The OB decided we needed a fleet of doctors and a lot of help to bring this pregnancy to term. The ultrasound showed calcium in my son’s brain, an indicator for Downs Syndrome. I FREAKED! It also showed that I had placenta previa. This was bad. That was the first of six ultrasounds and an amnio (which wasn’t that bad ladies!). The baby was perfect! I couldn’t believe it. No Downs – nothing. I was ecstactic. I had to take Progesterone, blood thinners, two vitamins a day, and lots of Phenergen but I stayed pregnant.
Because of the placenta problem, we decided on an elective c-section. At times, my doctor was deferring to three other high-risk specialists. I started seeing one or two of these other doctors each week for the entire nine months. The delivering OB and I discussed the birth and he decided that if we were to take my baby out early, it would be better. He was big enough to survive, and waiting wasn’t worth running the risk of a still birth. So I proposed my June 19th date again… and found out it was a Saturday! This OB was on call and said he didn’t mind coming in for my birth. Yay!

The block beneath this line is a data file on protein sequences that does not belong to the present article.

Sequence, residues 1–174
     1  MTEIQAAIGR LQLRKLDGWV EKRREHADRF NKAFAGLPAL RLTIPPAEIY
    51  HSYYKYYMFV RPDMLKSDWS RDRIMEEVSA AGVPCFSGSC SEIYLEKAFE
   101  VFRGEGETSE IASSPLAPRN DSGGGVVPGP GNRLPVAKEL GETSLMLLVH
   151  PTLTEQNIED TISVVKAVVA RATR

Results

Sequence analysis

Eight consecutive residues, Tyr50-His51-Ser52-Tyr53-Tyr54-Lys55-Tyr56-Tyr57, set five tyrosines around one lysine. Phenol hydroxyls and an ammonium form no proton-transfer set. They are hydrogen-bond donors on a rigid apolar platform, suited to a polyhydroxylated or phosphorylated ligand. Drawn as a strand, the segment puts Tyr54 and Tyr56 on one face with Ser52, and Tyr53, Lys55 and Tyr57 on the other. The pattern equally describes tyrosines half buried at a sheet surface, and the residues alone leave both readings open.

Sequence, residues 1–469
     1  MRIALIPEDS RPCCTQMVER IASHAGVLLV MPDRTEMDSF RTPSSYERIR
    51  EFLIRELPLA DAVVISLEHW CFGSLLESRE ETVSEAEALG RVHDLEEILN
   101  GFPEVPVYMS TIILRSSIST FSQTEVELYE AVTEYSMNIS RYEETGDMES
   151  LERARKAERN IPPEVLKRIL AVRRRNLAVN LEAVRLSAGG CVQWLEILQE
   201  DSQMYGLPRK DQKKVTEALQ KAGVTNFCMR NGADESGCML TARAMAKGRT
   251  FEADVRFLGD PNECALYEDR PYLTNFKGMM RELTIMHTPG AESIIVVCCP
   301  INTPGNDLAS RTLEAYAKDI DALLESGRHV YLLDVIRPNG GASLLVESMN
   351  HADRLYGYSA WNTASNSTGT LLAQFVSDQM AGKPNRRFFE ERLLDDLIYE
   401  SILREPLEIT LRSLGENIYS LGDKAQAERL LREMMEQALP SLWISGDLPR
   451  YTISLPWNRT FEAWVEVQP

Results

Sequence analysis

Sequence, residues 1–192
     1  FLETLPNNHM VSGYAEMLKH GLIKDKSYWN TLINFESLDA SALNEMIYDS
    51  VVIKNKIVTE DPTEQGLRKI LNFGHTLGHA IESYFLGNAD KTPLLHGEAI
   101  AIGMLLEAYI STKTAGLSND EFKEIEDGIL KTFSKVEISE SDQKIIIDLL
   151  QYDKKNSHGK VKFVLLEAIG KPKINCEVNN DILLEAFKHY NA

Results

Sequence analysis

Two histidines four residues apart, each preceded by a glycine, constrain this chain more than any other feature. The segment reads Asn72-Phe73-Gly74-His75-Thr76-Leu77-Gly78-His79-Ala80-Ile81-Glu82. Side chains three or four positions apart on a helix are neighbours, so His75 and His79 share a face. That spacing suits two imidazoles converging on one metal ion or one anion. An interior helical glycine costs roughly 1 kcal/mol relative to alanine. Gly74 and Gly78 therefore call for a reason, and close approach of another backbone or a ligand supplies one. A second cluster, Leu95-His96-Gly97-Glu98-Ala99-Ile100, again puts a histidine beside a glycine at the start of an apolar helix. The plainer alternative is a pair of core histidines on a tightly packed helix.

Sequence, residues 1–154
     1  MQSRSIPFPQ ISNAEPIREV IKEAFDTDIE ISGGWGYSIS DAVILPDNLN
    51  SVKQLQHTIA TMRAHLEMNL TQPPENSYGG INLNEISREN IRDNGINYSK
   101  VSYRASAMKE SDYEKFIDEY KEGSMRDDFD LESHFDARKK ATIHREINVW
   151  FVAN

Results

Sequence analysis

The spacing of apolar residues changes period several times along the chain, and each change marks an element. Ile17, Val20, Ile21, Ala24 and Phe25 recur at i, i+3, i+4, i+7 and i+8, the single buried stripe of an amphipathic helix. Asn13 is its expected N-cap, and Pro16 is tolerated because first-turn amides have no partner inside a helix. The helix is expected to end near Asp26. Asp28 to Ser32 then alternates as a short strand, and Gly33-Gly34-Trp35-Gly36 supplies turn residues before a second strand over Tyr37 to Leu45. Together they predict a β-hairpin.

I spent the rest of the time resting, eating, gaining weight, and working a lot. I work at a TV station so the Friday night before the birth, there was a big story and I had to stay until 10:30 p.m. I was scheduled to be at the hospital at 6:00 the next morning and I hadn’t even packed since he was three weeks early. That’s devotion.